The Golden City project is developed based on the winning entry of KCAP Architects&Planners and ORANGE Architects for the urban and architectural competition for the western most tip of the Vasilievsky Island in St.Petersburg. With its important role in the historical outreach of St. Petersburg towards the West, Vasiliesvky Island will become the most prominent manifestation of the city of St. Petersburg on the Gulf of Finland. With the urban plan, the 15ha site will become a new part of the city with a diverse mix of urban functions facilitating and interconnecting the surrounding areas. It will become a new face of St. Petersburg as the entrance to the city from the water.
St. Petersburg’s new city entrance is taking shape. The first buildings of the ‘Golden City’ are under construction, providing a glimpse of the future of Vasilievsky Island when visitors arrive by boat. Three of the six blocks of the development are on their way: block 6’s towers have reached half of their height, block 7 started construction in June of this year and design work for block 8 is being elaborated at this moment. The current development of the architectural projects is fully in line with the original urban concept. Thanks to the vision and consistency of the developer, all defining urban design principles are consequently translated into the architectural scale of the buildings.
Block 6 is the starting point for the construction of a large mixed-use development, called Golden City, on the western tip of Vasilievsky Island in St. Petersburg. The project consists of 2 closed perimeter blocks and 4 towers emphasizing the corners of the buildings. The setup of the ground plan refers to the structure of St. Petersburg’s centre with solid urban blocks and diversity of the enclosed urban gardens and courtyards. This classic urban structure offers shelter and protection to the lower levels of the plan and generates a variety of public spaces bordered mainly by 6-storey high facades, with large arches to the courtyards.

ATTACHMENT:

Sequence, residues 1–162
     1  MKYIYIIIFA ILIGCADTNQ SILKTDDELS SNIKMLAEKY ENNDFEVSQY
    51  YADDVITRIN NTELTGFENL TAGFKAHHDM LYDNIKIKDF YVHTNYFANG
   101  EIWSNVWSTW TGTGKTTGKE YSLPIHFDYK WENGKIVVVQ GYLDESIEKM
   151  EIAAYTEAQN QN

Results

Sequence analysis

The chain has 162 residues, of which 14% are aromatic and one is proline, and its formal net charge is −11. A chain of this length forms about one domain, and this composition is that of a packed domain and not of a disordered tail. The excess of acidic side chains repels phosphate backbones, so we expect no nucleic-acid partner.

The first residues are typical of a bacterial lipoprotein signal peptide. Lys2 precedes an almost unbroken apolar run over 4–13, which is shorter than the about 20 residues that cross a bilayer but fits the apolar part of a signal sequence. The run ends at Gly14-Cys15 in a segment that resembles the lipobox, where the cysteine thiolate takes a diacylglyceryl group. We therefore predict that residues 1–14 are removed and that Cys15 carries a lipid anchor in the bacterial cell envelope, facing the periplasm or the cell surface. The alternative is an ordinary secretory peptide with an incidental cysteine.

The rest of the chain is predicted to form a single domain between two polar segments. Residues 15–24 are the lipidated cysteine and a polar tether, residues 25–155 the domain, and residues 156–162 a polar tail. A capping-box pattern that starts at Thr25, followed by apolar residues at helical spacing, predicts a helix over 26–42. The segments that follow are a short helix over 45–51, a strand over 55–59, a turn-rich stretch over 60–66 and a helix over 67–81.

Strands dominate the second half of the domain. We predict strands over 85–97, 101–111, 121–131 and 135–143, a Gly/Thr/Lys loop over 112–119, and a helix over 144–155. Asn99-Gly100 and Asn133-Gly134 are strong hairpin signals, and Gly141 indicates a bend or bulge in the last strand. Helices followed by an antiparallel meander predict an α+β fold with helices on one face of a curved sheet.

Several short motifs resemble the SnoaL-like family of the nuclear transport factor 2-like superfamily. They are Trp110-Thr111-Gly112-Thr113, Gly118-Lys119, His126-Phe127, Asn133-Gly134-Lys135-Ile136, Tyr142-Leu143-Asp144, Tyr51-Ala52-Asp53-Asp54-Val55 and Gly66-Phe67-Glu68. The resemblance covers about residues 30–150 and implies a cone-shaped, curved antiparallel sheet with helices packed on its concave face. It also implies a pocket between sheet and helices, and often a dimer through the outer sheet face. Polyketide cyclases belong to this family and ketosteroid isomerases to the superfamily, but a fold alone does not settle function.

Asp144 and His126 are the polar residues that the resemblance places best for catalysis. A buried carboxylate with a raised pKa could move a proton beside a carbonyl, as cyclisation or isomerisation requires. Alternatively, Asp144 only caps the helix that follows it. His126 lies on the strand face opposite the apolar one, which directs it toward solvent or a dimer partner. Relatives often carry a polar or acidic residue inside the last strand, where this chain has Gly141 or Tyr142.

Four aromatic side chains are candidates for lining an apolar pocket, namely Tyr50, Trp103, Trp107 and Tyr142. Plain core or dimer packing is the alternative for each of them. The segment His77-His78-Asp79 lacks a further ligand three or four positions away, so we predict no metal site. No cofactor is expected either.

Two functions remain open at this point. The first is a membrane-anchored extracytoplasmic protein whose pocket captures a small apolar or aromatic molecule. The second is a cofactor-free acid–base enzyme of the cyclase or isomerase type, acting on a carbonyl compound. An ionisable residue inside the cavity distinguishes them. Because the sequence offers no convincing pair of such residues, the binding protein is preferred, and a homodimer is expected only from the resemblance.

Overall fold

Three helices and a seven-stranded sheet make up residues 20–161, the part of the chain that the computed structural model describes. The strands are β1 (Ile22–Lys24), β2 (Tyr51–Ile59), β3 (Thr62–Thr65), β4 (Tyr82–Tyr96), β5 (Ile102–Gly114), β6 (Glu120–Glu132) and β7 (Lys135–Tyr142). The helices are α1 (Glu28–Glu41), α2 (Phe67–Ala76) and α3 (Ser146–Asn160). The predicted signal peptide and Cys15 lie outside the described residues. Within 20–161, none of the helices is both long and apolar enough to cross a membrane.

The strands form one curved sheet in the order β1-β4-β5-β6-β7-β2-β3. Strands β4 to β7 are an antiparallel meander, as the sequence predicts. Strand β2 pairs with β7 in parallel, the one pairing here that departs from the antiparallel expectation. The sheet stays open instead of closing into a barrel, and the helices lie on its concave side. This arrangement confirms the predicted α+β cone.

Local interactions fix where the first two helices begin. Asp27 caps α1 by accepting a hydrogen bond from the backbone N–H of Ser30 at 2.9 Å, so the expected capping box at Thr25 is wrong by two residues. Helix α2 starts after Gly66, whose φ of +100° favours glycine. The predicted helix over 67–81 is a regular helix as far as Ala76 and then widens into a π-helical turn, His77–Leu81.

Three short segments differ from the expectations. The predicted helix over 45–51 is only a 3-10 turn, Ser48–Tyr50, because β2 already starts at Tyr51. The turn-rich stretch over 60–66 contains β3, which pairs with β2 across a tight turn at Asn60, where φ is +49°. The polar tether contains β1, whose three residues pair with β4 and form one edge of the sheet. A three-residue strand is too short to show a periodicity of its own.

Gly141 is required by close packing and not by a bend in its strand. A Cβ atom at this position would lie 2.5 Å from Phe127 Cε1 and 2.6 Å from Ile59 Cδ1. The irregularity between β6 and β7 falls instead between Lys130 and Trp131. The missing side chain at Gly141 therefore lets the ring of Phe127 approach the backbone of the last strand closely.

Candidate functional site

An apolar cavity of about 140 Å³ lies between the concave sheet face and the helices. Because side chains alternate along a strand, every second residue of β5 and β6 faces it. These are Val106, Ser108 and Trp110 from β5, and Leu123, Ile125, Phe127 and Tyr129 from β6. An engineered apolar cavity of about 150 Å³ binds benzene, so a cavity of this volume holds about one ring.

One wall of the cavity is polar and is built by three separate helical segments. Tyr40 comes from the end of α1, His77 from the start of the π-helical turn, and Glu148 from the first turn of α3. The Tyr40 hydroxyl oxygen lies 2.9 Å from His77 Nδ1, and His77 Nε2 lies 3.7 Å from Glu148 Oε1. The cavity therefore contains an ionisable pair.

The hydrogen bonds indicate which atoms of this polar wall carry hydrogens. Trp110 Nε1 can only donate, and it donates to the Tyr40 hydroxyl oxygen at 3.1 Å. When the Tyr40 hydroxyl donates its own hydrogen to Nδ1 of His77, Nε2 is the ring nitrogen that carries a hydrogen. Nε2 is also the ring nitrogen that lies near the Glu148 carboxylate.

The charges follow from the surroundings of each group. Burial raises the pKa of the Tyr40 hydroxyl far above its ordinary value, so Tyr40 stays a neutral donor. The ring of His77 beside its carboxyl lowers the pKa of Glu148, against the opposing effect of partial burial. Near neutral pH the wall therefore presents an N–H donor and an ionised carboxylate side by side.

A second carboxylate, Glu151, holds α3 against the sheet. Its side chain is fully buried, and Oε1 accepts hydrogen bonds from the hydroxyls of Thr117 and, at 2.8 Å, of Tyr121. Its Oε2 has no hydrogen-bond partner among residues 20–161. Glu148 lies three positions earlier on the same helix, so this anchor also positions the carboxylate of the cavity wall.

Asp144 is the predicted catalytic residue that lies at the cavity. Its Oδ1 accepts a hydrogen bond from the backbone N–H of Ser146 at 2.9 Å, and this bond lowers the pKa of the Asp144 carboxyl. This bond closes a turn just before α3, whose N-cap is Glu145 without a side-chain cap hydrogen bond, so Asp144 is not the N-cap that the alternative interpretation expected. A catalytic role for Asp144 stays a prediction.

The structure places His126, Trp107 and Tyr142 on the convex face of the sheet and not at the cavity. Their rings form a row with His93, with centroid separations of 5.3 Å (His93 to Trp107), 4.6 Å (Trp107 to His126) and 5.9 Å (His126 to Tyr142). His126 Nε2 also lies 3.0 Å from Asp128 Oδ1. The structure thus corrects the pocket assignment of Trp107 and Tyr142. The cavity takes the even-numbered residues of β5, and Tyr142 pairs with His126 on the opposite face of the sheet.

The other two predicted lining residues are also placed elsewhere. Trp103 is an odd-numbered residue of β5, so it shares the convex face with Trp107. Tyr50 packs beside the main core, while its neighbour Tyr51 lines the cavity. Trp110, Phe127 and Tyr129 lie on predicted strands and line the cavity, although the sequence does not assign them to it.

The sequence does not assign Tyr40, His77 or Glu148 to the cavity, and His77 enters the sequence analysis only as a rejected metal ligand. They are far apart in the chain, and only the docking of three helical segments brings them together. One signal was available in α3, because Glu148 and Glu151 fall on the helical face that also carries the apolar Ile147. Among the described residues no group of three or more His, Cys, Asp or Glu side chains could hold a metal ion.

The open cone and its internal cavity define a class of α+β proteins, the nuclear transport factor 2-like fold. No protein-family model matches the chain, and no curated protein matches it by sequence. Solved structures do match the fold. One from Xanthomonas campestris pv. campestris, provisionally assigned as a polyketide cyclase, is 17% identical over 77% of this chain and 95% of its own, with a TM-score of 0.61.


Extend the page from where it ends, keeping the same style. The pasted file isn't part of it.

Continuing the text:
The ground floor is programed with mainly commercial functions, which are attractive for residents as well as for visitors of the area. These programs activate the street level and the different public spaces around the block. From the first floor up, the buildings provide space for residential units, which vary in size, ranging from studios of 25 sqm. to generous family apartments of more than 90 sqm. All apartments are equipped with loggia, giving residents the possibility to enjoy the summer sun and – from the higher floors – the spectacular view over the sea and the city. Inherited from the competition design guidelines are essential for all the buildings of the district: white body of the volumes are outlined by golden plinth connected with public space and golden tops of the towers with special accents – spires.
Both facades solutions of Block 6 are based on the grid, but differ in appearance. The western block facades are defined by an informal framework in white composite, filled in with deep-positioned,champagne coloured aluminium window frames. The facades of the eastern block are defined by a vertical framework of pronounced ribs in white aluminium, filled in with bronze coloured aluminium window frames. The spires are the jewels of the plan. They spring up from the facades below through the refined transition from square to triangular framework. The spires are finished in a golden colour. They grow like enchanting Fabergé-like patterns to give the blocks their expressive, recognizable, and iconic character.